Buying A Home In The 21st Century

In the past 20 years – since the turn of the 21st Century – the world and how services are performed has changed massively.

Facebook and Instagram didn’t exist in 2001 – with Facebook not going live until 2004.

Smart phones and smart TVs weren’t a thing – most people accessing the internet were using a desktop computer or a clunky laptop!

Now – with the invention of more, easier ways to access information and the internet – the world has changed considerably and this has naturally impacted how you go about buying a home today.

Is The Dream Of Buying A Home Still Alive Today?

So, you’re tired of squandering $2,500 (on average) in monthly rent in Canada?

You’re in a never-ending battle with your landlord to fix the broken fridge, get air conditioning restored and more?

It’s a familiar story, and it usually ends like this: it’s time to buy your own home.

But wait, that’s not all.

There are some student loans – or other debts – which you have to settle. So, how do you proceed?

For young, first-time home buyers it can seem that the dream might never happen – but we have news for you: you can still get your dream home.

Budgeting For A Home In The 21st Century Is More Conservative

According to housing market experts, you should devote around 30% of your monthly income on your home. This would be a very conservative approach.

On the contrary, spending too much will only make it more difficult to make house payments if you lose your job or any unforeseen expenses arise. 

First-time buyers today are actually sticking to this benchmark and approaching home buying with this more conservative approach. As a result, many are finding that they cannot afford the kind of properties that they want.

In fact, brokers estimate that around three of ten will give up before making a purchase.

But, potential fluctuations in home prices are not the only reasons why young, first-time home buyers are conservative about home purchases.

Why Are Current Home-buyers Becoming Conservative?

There are other potential reasons why current home-buyers are becoming more thrifty with home purchases:

  1. Diversifying investments: The perception of real estate as a solid investment plan has reduced – even though the facts say otherwise. Instead, younger adults are finding the stock market a better investment option, where they can diversify to save up for their kids. While this approach is generally healthy, they stand to see more opportunities to build more wealth through housing.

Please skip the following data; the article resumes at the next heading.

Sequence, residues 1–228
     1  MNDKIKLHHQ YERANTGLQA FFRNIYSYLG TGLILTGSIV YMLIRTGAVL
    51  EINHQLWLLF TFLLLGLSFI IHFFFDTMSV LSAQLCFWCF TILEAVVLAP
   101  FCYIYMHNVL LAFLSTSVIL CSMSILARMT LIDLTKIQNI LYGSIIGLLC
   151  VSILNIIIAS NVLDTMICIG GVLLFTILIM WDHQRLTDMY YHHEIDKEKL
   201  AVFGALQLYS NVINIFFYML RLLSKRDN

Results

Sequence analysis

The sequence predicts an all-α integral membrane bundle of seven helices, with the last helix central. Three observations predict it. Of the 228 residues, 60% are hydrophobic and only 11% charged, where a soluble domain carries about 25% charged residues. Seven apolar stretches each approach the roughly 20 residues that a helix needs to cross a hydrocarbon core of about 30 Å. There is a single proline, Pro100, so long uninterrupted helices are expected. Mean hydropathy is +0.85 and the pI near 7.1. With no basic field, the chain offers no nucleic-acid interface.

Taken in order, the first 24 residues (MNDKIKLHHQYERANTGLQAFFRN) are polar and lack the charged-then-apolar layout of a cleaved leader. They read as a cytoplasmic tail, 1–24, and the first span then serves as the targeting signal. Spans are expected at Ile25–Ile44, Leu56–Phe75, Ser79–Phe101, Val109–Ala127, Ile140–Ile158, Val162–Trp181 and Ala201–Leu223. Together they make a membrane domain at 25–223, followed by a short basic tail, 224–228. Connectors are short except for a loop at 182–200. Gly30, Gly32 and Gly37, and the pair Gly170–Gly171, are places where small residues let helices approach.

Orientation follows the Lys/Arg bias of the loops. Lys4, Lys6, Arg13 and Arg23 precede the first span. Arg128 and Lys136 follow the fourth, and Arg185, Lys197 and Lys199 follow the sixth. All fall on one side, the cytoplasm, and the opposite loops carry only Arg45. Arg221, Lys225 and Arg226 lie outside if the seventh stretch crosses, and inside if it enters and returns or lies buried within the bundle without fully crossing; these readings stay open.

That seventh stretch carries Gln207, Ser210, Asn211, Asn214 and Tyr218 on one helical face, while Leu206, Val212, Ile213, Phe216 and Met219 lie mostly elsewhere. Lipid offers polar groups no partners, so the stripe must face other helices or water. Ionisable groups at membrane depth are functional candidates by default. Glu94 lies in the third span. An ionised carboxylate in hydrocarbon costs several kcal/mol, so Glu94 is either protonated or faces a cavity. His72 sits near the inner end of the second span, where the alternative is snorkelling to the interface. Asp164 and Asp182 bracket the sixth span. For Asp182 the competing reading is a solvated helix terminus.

2. High barrier of entry: Prices are often higher, down-payments needed are higher and getting a mortgage is tougher than it was 10 or 20 years ago.  
  3. Job hopping: The previous job cycle – where you worked in the same job for 10, 20, 30 or even 50 years is no longer the case – especially with younger adults. As such, young people are hopping from one job to the next much more regularly than previous generations. As a result, they become more focused on building saving accounts, which becomes less feasible if they have to deal with mortgage payments.
  4. Student debt responsibilities: Student loan debt has also gone up, which is making new graduates less reluctant towards spending on housing. According to Statistics Canada, student loans owed to the government surpass that of some provinces by $15 billion
  5. Young people value experience over other things: To younger adults in their 20s and 30s, experiences such as good health, leisure time, financial security and a happy marriage are often more valued more than home-ownership – particularly in the current world of social media influence.

Conclusion

The current home buying trend in the 21st century has led to younger, first-time home buyers becoming more conservative – based on all the above points.

It can seem like it’s become harder for younger adults to buy a home but there’s also the fact that many of them simply don’t want to do this.

If, however, you are considering buying a home then there is nothing to stop you and young, first-time buyers continue to make up a huge chunk of all home sales in Canada.